What the author refers to as "gun nuts" are by and large normal folks who just take their self-defense seriously.
By Keith C. Burris
In the aftermath of the Petit family slayings in Cheshire, we all reached for explanations: How do human beings sink this low? How could this tragedy have been prevented? Why?
There are so many nagging questions. They all need to be asked. And maybe some old arguments need to be hashed out again.
Why not a more stringent "three strikes and you're out" law in this state? Connecticut's version is so weak that it's more like "30 strikes and we'll think about it while you strike again."
Why not speed up the criminal trial process for repeat violent offenders? Get them off the streets. It's been proposed many times. Most people agree it should be done. It never happens.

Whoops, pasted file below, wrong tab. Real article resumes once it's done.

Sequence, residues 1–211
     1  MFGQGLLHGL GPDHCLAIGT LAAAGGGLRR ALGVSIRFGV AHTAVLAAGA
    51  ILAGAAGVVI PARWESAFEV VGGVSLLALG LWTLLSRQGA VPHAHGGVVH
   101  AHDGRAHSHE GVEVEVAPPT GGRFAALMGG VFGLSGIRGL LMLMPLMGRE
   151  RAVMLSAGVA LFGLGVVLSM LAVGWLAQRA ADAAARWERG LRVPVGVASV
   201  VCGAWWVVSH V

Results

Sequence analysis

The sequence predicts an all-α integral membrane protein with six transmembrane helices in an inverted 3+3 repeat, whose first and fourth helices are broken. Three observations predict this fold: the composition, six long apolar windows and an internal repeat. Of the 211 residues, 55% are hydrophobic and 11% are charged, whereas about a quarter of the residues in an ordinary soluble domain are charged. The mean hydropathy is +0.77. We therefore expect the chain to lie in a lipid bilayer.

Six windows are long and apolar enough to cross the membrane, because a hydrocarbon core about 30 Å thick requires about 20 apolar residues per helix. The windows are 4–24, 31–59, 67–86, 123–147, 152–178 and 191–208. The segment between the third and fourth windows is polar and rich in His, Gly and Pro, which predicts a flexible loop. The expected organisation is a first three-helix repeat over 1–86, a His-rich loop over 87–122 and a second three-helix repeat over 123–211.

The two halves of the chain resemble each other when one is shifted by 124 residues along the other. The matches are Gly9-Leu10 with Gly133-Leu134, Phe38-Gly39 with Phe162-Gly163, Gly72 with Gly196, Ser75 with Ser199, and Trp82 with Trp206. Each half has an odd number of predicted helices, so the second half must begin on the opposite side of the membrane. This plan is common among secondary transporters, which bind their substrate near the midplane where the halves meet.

Can't we better monitor the probation process?
Can't we do a better job of predicting -- figuring out which non-violent criminals are about to turn violent?
Are home alarms really effective?
How about dogs?
But somehow all of these ideas pale before the barbarity of this particular crime.
That is why one old question is worth asking again. It is this: What if the Second Amendment is for real? Is it possible that it should it be revered, just like the First Amendment?
Sam Ervin said, "The Constitution should be taken like mountain whiskey -- undiluted and untaxed." Maybe that applies to all of the Constitution.
Is it possible that the Second Amendment is not a quaint and antiquated remnant of a world that will never return, but an idea as relevant and sound today as when it was written?